Make sure you’re up to speed with eBay’s returns policies – which is 90 days over Christmas. Or use eBay’s managed returns service. If you do, according to eBay, you’ll see an upturn in sales and better feedback. Some sellers are now required to offer this, and you can check out how to opt in here.

6) Keep Your Christmas Customer Service High

Customer service is king, so if a problem arises, get back to customers straight away and resolve the situation. Make sure your customer service employees are professional and knowledgeable. Treat customers personally – if you want to get great feedback, never make customers feel like they’re just another number.

7) Get Social

Everyone is aware of the power of the positive or negative tweet. If you haven’t been paying attention to social media, now’s the time. It’s an immediate way to interact with customers who are asking about your product or business.

Make sure you have a policy in place to answer customer questions, deal with problems and react to negativity around your brand and products before it escalates. Have a dedicated team ready to respond to queries quickly. If you haven’t done so, it looks like many of your competitors already have: A study by Simply Measured showed that 99% of brands are on Twitter, and 30% have a dedicated customer service account, with an average response time of 5.1 hours – 10% of firms answering within an hour.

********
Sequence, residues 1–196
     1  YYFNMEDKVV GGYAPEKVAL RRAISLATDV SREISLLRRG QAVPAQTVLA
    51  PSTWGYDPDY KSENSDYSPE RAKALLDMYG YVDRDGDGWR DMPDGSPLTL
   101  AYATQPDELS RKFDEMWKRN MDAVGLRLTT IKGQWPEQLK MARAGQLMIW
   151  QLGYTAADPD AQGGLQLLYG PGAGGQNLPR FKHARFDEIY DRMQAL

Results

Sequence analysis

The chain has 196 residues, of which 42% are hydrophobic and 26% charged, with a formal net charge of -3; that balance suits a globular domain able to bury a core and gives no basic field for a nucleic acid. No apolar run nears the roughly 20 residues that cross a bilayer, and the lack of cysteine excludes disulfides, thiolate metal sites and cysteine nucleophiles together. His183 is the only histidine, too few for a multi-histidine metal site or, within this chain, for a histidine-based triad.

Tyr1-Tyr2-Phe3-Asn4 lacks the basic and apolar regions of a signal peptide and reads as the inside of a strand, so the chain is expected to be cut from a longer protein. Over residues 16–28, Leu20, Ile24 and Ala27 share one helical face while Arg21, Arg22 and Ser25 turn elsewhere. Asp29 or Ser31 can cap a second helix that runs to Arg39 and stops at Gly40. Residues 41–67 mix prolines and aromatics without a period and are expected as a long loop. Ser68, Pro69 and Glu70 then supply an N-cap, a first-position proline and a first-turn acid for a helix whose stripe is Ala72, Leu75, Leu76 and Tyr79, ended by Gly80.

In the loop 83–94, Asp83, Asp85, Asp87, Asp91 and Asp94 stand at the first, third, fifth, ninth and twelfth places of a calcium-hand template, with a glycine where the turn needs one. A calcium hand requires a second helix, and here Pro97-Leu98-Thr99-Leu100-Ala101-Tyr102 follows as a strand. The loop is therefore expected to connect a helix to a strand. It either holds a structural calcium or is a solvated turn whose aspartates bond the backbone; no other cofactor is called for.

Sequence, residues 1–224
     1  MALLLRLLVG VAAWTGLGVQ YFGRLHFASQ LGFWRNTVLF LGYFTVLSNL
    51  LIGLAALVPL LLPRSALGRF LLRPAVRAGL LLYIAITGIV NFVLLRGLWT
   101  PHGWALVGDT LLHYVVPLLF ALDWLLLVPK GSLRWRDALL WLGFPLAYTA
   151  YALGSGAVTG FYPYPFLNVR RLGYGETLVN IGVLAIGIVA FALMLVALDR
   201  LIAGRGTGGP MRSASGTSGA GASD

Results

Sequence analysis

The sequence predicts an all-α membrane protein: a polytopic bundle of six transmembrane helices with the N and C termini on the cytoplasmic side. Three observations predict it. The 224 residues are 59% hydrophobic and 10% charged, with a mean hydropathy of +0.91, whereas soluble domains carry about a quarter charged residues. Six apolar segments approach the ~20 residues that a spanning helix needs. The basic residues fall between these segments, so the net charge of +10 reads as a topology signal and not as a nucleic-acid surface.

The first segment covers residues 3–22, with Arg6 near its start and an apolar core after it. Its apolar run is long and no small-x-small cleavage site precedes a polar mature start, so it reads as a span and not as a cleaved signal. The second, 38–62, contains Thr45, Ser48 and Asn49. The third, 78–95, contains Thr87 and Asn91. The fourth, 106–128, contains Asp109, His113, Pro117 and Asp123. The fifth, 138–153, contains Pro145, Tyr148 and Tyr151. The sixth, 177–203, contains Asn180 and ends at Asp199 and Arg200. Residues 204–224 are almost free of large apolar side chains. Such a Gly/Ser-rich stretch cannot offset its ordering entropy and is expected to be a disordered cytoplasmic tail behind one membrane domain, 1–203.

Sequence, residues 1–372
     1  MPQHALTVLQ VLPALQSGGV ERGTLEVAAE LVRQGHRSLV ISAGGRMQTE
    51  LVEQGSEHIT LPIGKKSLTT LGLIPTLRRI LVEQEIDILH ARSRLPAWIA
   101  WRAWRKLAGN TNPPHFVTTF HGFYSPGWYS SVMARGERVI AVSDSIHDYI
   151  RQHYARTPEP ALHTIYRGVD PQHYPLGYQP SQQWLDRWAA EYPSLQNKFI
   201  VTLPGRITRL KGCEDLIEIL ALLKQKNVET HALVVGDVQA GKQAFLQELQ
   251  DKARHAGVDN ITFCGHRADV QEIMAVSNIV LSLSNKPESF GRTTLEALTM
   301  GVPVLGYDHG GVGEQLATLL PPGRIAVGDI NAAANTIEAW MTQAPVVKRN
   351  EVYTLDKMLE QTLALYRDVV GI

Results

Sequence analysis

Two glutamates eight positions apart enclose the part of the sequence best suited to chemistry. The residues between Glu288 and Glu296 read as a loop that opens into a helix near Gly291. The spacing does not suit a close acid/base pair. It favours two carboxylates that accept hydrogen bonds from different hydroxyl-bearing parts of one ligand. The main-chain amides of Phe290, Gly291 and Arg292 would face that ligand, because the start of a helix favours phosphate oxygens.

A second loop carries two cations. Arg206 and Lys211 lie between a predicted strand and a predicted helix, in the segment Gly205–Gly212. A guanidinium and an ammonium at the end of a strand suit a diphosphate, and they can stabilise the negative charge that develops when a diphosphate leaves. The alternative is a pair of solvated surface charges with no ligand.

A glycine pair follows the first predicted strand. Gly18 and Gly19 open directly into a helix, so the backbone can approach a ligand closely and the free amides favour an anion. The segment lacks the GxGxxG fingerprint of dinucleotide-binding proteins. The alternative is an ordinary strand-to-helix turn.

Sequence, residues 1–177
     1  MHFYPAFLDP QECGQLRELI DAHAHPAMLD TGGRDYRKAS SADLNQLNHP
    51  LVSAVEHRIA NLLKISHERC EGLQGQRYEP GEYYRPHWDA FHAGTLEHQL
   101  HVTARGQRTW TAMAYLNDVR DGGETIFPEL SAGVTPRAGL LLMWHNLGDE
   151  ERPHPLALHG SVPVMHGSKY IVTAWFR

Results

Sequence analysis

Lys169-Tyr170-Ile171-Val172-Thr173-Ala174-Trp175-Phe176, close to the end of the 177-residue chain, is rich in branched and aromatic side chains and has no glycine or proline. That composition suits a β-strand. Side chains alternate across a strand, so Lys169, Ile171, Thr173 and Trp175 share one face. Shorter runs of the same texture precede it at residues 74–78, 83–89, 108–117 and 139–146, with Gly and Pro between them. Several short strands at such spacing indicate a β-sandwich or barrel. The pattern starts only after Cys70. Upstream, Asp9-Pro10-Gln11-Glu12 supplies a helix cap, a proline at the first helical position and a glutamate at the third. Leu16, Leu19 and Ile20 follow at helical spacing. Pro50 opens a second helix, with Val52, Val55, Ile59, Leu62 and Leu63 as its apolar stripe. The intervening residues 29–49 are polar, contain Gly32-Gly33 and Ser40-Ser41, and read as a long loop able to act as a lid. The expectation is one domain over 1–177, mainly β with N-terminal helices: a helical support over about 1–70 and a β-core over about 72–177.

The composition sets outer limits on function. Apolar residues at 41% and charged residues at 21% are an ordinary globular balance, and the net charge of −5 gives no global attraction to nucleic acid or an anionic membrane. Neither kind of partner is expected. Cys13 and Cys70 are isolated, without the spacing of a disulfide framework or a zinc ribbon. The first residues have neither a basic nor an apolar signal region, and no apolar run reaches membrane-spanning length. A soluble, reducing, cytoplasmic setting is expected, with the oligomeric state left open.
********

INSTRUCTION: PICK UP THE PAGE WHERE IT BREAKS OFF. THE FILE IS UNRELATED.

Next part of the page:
8) Communicate!

Publish last postal dates for Christmas, returns policies and other important information prominently on your website. Also post key information on social channels to keep shoppers in the loop. Consider using a live chat function, so you always have someone available to answer questions. A study by eConsultancy shows that live chat has the highest level of customer satisfaction, with 24% polled saying they’ve used it. Out of that group, 73% are happy with their experience.

Why It’s Important…

Customer satisfaction as a measure has never been more important. Customer expectations have increased and will continue to do so. Earn great reviews and ratings this Christmas by providing top-notch customer service and keep a constant watch on what your customers are saying about you on marketplaces, review sites and social media. It may take some effort, but it will be worth it when you start 2016 in good standing.

Are you already planning for 2016 by working on your budget? Here are five e-commerce priorities we think you’ll want to find space for in your 2016 budget. Take a read of our 5 Budget Must-Haves tip sheet now.